When we remember, my friends, that the words which I have just read were delivered, not by an ordinary minister of the gospel of Christ to the people of Thessalonica, but by one infallibly inspired to direct the churches, and to minister the gospel of the kingdom, by the spirit of glory and of God, we might feel startled at the request which the text contains, when the apostle calls upon the people to pray for him, "that the word of the Lord may have free course and be glorified." He had been armed with the most awful and majestic powers that the God of heaven ever committed, either to angels or to men. He had been clothed with the highest authority ever bestowed on an inhabitant of the earth. He had been endowed with the greatest attainments —he had been filled with the spirit of glory and of God—he had been made especially his temple, and he had been made so for the express purpose of laying down, not only by his own testimony, but by the inspired record, the foundations of the church of Christ, for regulating the spiritual economy of heaven till the close of time. Under these circumstances, reasoning according to the wisdom of men, we should be disposed to infer, that the freedom of the gospel of Christ, the wide extension of the knowledge of the Redeemer's name, had been infallibly secured; and yet so humble was this individual, so clothed with the true characteristics of an ambassador of Christ, so conscious rot. i.

of his absolute dependence upon the continued kindness of the God that had clothed him with apostleship, that we find him on this occasion throwing himself on the ordinary basis on which the ministers of the gospel cast themselves, and inviting the prayers of the people. "Brethren, pray for us, that the word of the Lord may have free course, and be glorified."

The apostle, however, must not only be regarded as exercising, on this occasion, feelings of genuine humility, when he overlooks the extraordinary commission he bears, and the extraordinary powers he was appointed to wield, and asks for the prayers of the people; but we must regard him, also, as placing in a just point of light the character of the gospel dispensation. He was aware, that not by the might or the power that man could wield, even when that might and that power came by extraordinary commission from heaven—he was aware that not by the might or the power that man could wield, under any circumstances, did God intend to secure the success of his gospel. He knew that though God appointed the apostles to bring the dead from another world, and to command diseases to fly from those who had been visited by them—he knew that though God had appointed the apostles to bear rule in the church in the administration of his kingdom, he had still reserved in his own power, and in p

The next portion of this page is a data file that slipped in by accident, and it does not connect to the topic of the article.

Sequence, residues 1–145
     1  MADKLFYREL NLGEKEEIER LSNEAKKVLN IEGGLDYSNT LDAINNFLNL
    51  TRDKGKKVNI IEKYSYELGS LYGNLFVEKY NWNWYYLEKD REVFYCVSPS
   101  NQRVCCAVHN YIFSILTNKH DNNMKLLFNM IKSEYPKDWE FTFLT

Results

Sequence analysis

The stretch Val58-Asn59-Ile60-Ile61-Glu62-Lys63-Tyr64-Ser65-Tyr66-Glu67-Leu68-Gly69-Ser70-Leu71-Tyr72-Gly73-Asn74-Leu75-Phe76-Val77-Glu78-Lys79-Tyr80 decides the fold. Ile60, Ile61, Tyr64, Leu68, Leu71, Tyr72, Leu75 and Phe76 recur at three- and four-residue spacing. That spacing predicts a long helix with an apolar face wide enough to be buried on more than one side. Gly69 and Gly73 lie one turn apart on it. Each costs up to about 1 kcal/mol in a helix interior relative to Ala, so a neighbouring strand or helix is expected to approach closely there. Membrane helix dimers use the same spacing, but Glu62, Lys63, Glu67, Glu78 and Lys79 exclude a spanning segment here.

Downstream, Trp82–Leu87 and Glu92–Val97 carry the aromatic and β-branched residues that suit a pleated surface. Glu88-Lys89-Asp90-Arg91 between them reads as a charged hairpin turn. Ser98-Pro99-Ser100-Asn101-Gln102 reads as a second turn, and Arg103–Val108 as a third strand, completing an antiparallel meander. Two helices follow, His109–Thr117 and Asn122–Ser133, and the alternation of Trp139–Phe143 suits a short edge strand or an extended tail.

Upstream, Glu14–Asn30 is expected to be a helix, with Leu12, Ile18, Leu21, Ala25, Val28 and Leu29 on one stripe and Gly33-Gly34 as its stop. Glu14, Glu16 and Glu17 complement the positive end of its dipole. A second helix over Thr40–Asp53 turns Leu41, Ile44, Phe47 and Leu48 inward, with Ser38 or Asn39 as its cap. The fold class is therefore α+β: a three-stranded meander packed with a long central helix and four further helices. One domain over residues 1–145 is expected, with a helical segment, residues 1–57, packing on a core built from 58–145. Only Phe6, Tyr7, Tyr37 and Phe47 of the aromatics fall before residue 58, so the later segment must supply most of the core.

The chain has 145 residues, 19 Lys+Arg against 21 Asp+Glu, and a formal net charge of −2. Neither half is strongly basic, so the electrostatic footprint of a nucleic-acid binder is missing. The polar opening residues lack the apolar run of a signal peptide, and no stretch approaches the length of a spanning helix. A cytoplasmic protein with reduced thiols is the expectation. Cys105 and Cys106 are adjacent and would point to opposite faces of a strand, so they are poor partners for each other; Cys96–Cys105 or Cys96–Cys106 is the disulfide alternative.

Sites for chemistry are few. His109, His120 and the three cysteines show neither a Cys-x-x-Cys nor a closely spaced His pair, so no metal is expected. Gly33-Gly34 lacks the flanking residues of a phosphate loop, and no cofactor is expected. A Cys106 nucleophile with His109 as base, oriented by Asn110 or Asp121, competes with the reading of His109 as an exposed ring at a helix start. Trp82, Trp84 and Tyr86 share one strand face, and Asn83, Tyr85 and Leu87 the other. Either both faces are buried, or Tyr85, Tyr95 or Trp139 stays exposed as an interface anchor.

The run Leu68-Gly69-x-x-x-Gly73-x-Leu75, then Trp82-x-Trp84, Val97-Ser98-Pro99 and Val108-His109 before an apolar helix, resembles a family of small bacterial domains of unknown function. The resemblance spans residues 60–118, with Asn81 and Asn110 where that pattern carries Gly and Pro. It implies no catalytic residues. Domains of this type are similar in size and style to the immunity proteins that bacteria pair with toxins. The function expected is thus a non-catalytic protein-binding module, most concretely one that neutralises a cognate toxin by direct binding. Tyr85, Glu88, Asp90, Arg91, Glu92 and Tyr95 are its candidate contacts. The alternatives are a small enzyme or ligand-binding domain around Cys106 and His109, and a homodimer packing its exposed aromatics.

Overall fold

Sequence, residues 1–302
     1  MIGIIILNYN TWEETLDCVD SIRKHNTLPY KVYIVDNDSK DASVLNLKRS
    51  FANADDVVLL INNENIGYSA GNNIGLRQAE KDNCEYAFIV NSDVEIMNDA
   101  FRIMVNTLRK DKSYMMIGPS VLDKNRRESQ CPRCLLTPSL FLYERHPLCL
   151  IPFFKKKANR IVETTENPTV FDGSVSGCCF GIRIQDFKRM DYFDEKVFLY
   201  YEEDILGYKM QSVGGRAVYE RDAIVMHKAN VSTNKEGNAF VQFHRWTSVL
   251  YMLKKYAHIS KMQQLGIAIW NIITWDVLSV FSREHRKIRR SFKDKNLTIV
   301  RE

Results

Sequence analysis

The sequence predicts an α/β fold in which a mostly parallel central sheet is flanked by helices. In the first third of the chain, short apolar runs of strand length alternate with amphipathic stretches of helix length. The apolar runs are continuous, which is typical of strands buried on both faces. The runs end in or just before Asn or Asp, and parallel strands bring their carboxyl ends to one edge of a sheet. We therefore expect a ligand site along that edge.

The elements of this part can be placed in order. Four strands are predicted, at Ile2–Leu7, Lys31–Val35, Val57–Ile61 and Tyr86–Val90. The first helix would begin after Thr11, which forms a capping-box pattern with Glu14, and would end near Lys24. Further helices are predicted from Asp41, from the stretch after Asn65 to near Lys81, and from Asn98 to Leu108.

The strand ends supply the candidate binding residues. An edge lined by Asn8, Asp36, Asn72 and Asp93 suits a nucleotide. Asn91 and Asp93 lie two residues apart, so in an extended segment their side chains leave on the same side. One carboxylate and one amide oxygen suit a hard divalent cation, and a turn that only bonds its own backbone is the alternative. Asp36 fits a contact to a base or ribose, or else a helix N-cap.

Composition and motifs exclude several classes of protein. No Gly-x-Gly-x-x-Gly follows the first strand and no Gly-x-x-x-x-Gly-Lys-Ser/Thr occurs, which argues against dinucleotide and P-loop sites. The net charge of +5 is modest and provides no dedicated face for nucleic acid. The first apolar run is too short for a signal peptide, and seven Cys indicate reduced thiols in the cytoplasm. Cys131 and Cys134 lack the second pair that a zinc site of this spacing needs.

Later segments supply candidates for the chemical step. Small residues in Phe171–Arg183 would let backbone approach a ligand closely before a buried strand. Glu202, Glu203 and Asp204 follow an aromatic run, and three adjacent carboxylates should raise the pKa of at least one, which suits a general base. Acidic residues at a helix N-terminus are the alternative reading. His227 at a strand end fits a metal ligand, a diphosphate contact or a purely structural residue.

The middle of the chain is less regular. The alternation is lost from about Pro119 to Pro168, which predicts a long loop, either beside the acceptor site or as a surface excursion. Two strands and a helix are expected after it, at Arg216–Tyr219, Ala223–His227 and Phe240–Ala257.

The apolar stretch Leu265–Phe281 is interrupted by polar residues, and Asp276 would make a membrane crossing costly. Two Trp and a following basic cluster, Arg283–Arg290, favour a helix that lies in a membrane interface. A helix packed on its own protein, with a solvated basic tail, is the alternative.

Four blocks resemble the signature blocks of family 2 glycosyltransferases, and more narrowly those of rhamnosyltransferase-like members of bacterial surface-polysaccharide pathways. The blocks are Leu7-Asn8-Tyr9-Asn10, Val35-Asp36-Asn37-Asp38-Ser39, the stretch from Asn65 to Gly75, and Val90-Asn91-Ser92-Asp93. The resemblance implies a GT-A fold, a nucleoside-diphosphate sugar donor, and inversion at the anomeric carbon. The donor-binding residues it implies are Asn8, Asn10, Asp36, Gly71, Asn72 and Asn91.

his own power exclusively, the grand energy by which the soul is quickened together with Christ, that by grace it might be saved. He looked, therefore, to the fountain whence this energy must spring—he looked to the great source whence spiritual power must still be derived; and whilst he ministered the energies of his apostleship under the commission and the sanction of the God of truth, he still looked through the ordinary channels in which grace was still to be measured out— he still looked through them for the interposition of the power by which God would make his people willing in the day of his power. Thus he, at once, lays before us an expression of his own humility, and a recognition of the peculiar character of the gospel of Christ, as a demonstration of divine power coming direct from God ; and in both of these he at once conveys instruction, and sets us an example.

If, therefore, my friends, we find the apostle of the Gentiles, notwithstanding the authority of his office, and the power by which that office was sustained, casting himself upon the prayers of the people, and connecting the triumphs of the gospel of Christ with the holy breathings of those who had already been made the subjects of its power, much more should we, when we consider our vast inferiority, both in office and powers and endowments, to the great apostle, cast ourselves, and the gospel we proclaim, into the arms of a people presenting in holy desires their fervent breathings to the God of prayer.

With this view of the passage I have just read, let me direct your attention, in the first place, to the nature of Prayer generally. In the second place, to Prayer for Ministers in particular. In the last place, to the Influence of a praying people on the state of the church and the world with regard to the diffusion of the gospel.

In the first place, let me direct your attention to The Subject Of Prayer Generally. "Brethren pray for us," is the request made by the apostle, and is the request which we would still, after his example, continue to make to the people of God. But when we call upon any to pray that the gospel may have free course, and so be abundantly glorified, it is necessary we should state